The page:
Thursday’s ad is for “Budweiser,” from the early 1960s. This ad was made for Anheuser-Busch, and was part of their series using the tagline “this calls for Budweiser,” which ran during the 1960s, and replaced the earlier “Where there’s Bud” campaign. This one features an open house dinner party with one couple on the right in conversation and man in the background who’s nose deep in a glass of beer as he reads the back of an album. But my favorite is the woman in yellow who’s just putting a cracker in her mouth as she stares at the man pouring a can of beer in his glass. The text begins “open house….”
Archives for February 11, 2021
Today is the birthday of John Weidenfeller (February 11, 1867-1929). He was born in Germany, but came to America with his family, who settled in Michigan and owned a farm. Weidenfeller though, defying his father’s wishes, became a brewer, working first with “Frey Bros. and Kusterer Brewing Companies. In 1892, these two breweries joined three others to form the Grand Rapids Brewing Co.” He later worked in Montana for the Centennial Brewery, before accepting a position as brewmaster of Olympia Brewing in Washington.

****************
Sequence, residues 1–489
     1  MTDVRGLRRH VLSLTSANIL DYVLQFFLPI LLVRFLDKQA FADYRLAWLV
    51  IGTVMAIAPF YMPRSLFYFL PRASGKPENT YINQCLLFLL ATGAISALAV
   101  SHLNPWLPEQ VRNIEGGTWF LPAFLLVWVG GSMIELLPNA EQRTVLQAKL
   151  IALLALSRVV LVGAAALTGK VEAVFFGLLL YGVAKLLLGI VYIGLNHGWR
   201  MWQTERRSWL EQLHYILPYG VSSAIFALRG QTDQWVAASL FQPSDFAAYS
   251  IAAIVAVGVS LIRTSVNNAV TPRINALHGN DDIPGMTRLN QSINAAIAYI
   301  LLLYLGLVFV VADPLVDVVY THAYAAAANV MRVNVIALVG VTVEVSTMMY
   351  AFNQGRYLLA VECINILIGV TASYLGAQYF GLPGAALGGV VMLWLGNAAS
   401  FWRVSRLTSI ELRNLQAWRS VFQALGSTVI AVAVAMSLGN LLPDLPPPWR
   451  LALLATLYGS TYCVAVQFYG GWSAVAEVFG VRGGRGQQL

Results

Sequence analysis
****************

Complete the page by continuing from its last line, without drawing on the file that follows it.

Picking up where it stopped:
There’s also a photograph of Weidenfeller that can be seen at Brewery Gems’ biography of John Weidenfeller shared with him by the brewer’s family.
There’s less about brewmasters, as opposed to brewers who were also brewery founders or owners, when you go back this far, but there’s a pretty thorough biography of Weidenfeller by Gary Flynn at his website Brewery Gems.
Weidenfeller around 1901, with his workers in Montana.
Today is the 49th birthday of Dylan Schatz, who until not too long ago was the brewmaster at Mad River Brewing in Blue Lake, which is where he’s originally from. Dylan started in 1999 in the brewery’s packaging department, on the bottling line, and immediately fell in love with the beer industry. He took classes at UC Davis and became a brewer, and in 2005 was named head brewer. He’s a terrific person, one who often doesn’t get all the credit he deserves, especially since he had been making some amazing beers. I heard he’d left under circumstances that were less than ideal, but I have not had a chance to ask him directly, or find out what he’s doing now. Please join me in wishing Dylan a very happy birthday.
Behind the bar at Mad River’s tasting room during a visit there last summer, when I was in the research phase for my latest book, California Breweries North.